Street v. New York

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Street v. New York
by the Supreme Court of the United States

In Street v. New York, 394 U.S. 576 (1969), the United States Supreme Court held that a New York state law making it a crime "publicly [to] mutilate, deface, defile, or defy, trample upon, or cast contempt upon either by words or act [any flag of the United States]" was, in part, unconstitutional because it prohibited speech against the flag. The Court left for a later day the question of whether it is constitutional or unconstitutional to prohibit, without reference to the utterance of words, the burning of the flag (see Texas v. Johnson and United States v. Eichman). Excerpted from Street v. New York on Wikipedia, the free encyclopedia.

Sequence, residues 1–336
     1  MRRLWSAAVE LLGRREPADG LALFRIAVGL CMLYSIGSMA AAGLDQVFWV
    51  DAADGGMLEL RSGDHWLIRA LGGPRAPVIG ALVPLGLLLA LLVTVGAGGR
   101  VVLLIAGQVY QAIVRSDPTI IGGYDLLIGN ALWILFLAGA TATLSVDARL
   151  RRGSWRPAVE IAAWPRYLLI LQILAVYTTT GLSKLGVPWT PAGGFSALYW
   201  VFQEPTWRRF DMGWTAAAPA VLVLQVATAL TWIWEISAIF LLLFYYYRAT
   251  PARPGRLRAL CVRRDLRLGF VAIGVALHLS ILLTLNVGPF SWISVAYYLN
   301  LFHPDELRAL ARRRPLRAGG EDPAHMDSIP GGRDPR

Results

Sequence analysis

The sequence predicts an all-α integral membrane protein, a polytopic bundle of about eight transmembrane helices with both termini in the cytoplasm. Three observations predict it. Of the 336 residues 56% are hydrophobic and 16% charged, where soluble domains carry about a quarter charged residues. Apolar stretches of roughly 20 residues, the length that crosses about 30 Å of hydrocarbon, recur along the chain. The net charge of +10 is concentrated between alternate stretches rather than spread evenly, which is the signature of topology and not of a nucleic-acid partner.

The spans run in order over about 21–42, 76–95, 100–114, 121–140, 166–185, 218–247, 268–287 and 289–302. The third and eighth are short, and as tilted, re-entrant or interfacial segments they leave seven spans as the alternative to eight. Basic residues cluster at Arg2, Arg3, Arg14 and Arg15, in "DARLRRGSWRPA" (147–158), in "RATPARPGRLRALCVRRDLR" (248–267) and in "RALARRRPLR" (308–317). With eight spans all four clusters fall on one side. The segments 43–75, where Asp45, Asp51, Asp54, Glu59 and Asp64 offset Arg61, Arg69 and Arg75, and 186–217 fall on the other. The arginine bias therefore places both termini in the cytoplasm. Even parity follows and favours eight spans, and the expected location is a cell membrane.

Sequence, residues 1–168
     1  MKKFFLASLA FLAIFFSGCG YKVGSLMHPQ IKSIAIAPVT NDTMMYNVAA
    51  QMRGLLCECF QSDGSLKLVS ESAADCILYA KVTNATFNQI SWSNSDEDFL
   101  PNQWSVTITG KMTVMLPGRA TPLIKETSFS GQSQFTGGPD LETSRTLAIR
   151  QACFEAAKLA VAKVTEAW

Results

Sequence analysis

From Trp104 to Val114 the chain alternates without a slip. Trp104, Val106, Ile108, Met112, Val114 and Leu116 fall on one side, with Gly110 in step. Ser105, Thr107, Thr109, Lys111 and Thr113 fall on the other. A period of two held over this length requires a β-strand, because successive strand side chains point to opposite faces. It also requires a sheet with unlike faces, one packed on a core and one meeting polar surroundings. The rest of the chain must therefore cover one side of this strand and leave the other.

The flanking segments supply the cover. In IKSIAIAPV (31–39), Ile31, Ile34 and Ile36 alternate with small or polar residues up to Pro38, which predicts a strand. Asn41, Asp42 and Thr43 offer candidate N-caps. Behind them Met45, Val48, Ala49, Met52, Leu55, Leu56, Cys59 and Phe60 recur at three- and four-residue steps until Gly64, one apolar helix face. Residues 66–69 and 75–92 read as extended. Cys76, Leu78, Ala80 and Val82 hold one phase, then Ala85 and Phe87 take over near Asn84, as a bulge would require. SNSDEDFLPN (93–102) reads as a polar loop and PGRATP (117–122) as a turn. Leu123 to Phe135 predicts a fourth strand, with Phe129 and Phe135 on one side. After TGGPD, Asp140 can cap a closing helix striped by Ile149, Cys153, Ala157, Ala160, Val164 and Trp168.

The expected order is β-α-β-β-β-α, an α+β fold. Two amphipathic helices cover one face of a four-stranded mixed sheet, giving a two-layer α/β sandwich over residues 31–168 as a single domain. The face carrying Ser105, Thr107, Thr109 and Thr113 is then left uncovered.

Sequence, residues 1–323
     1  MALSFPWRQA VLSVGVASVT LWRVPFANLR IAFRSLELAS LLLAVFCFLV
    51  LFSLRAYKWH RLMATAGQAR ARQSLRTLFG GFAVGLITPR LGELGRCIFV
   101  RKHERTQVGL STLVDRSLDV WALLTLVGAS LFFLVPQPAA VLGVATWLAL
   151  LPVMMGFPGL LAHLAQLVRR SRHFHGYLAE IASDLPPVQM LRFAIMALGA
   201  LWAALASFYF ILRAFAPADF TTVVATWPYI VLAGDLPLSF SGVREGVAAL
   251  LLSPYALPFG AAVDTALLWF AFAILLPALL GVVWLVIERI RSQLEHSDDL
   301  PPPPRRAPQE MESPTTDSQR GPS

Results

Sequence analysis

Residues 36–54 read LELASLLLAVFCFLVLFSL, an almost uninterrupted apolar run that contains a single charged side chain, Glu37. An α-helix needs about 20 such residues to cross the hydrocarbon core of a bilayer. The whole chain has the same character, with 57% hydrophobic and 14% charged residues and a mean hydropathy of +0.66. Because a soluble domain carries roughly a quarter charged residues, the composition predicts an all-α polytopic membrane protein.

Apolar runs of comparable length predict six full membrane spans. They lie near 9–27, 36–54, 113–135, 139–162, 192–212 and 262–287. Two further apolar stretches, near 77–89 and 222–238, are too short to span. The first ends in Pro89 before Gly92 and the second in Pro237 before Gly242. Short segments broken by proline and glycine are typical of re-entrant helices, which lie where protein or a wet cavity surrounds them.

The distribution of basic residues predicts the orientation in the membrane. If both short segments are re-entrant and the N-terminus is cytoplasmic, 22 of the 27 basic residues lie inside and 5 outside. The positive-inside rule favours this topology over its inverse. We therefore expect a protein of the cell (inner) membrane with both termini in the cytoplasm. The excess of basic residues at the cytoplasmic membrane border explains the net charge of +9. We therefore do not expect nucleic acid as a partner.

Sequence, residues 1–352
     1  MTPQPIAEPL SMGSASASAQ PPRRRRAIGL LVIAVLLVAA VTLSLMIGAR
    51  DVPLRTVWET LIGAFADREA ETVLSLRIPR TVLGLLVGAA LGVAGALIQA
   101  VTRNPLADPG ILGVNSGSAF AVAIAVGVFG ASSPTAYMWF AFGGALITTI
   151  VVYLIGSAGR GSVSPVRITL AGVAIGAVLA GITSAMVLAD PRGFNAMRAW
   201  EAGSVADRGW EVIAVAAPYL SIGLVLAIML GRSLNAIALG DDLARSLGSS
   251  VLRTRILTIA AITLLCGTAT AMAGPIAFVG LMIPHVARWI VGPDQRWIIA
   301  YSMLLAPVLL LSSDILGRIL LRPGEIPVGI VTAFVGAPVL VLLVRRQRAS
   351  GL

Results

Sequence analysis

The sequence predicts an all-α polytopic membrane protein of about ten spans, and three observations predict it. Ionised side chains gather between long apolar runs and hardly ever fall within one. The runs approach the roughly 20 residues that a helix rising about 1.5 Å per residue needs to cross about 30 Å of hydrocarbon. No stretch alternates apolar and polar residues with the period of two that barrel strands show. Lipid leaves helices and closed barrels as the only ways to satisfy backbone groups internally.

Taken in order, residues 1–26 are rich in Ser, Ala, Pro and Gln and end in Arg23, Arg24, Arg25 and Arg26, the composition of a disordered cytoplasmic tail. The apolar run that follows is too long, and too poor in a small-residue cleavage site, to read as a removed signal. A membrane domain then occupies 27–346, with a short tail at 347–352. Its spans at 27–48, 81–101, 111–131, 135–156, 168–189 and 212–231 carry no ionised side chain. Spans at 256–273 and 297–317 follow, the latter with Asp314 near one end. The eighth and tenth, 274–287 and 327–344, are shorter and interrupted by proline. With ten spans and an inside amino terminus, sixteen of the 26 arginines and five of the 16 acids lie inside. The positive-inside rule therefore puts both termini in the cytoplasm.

Court Documents

United States Supreme Court

394 U.S. 576

Street  v.  New York

 Argued: Oct. 21, 1968. --- Decided: April 21, 1969

David T. Goldstick, New York City, for appellant.

Harry Brodbar, Brooklyn, N.Y., for appellee.

Mr. Justice HARLAN delivered the opinion of the Court.


This work is in the public domain in the United States because it is a work of the United States federal government (see 17 U.S.C. 105).

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